Female age is important when considering probability for getting pregnant. Increased infertility rates with aging are well documented and apparent in our society.
The real issue is egg quantity and quality – which translates into embryo quality after fertilization.
As women wait longer to have children, more couples have fertility problems due to declining egg quality, and other issues that are more common in older women.
Many couples end up needing advanced treatments such as IVF, in vitro fertilization to overcome this age-related decline.
Women’s liberation brings many advantages to women. However, as women delay childbearing, society has not educated us about this fertility decline.
Many couples learn too late about the impact of age
If they tried sooner to have a baby, good “old-fashioned sex” could have built the family. The American Society for Reproductive Medicine said it well:
- “As women delay childbearing, there is now an unrealistic expectation that medical science can undo the effects of aging”
We do our best to overcome advancing age with fertility treatments such as IVF. However, egg quality and quantity are both significant limiting factors. Women should be educated on the decline in fertility as well as the success rates of assisted reproduction with age.
Learn about egg freezing for fertility preservation
Individuals vs. Populations
There are also no guarantees that an individual woman will have a smooth drop in her fertility potential as she ages. Although rare, it is possible to have a rapid decline in egg quantity or quality as early as the teens or twenties.
Male Age and Fertility
- All of a woman’s eggs are present at birth. They can not divide or be “resupplied”, whereas sperm are produced constantly after puberty in men.
- Eggs age over time, while new sperm are constantly coming off the production line.
- Sperm from older men can have a reduced fertilizing potential compared to younger men. However, this tends to be “all or none”. If the sperm can fertilize eggs – we usually don’t see poor embryo quality due to reduced sperm quality.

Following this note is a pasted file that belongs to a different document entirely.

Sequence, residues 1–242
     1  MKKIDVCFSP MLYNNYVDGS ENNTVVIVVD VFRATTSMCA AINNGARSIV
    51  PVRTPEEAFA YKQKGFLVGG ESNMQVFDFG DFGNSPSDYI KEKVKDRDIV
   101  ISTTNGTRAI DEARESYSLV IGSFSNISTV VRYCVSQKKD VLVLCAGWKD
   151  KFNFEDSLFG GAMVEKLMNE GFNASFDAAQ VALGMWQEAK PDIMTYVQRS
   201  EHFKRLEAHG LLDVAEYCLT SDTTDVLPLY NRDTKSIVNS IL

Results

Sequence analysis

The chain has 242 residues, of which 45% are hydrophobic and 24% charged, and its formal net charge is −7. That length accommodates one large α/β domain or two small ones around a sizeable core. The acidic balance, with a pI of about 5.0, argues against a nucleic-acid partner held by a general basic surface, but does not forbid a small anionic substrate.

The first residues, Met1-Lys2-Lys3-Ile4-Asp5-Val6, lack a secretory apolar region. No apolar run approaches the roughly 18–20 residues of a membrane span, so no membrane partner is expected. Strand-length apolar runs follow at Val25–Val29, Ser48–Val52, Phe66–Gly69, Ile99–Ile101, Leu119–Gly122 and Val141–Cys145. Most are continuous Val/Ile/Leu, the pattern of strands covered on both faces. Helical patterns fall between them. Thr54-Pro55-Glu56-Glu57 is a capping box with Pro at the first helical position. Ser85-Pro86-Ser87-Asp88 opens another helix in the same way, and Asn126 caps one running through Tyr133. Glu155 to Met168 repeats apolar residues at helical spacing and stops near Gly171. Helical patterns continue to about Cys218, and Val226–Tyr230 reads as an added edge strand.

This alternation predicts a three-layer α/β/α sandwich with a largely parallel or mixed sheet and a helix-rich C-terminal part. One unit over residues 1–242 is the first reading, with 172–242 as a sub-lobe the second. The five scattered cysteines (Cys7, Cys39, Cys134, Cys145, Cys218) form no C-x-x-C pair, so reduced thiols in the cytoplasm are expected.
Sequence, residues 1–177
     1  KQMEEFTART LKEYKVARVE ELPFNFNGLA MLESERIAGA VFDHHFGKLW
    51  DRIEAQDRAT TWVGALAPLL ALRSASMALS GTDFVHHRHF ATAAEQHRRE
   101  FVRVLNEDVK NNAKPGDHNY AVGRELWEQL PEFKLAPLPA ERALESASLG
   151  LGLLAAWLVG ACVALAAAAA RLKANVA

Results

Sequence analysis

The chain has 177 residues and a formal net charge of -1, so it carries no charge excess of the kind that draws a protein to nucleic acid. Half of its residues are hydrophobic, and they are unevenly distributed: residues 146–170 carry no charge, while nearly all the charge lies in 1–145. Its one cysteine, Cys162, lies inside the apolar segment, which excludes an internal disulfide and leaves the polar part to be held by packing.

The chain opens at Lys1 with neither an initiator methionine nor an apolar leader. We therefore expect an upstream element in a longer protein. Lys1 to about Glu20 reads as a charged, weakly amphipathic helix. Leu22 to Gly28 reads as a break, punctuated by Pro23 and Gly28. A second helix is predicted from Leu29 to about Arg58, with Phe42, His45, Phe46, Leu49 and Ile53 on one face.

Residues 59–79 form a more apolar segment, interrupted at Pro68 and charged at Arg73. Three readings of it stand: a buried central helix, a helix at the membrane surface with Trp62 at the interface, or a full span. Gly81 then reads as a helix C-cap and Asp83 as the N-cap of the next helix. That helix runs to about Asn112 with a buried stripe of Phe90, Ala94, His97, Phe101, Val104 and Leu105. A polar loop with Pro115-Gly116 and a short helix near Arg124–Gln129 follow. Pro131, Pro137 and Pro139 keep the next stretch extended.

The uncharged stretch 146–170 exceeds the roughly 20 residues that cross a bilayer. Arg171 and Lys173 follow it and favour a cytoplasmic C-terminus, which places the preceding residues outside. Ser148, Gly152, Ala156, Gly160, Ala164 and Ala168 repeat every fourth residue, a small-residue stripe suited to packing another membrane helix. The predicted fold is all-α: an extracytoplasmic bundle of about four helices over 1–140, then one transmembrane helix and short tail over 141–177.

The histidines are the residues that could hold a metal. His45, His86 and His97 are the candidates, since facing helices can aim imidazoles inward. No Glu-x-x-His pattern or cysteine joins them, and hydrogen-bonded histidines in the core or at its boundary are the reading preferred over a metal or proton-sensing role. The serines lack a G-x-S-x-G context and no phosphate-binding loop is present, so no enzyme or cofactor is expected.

- Sometimes older men have less interest in frequent intercourse, which can be a factor.
Female Age - Egg Issues
- Successful pregnancy outcome is very much related to female age – when using the woman’s own eggs.
- When donor eggs are being used, the age of the egg donor is the important factor.
- With egg donation, the age of the recipient woman has very little impact on the chance for successful pregnancy.
- Therefore, the age of the egg is very important, but the age of the uterus is not.
- Much of the problem is due to an increased percentage of chromosomally abnormal eggs with aging
- The higher percentage of chromosomally abnormal eggs in older women also explains the progressive increase in miscarriage rates with age: 13% in women < 35 years old to 54% in women ≥ 44 years old.
- Preimplantation genetic testing for aneuploidy (PGT-A) is a valuable tool to minimize the miscarriage rates.
See the graph below for more on aging and fertility potential
The graph below is from the 2015 ART Success Rates report from the CDC, Centers for Disease Control and Prevention, a US government agency. This report used national data from 464 clinics and about 232,000 IVF cycles.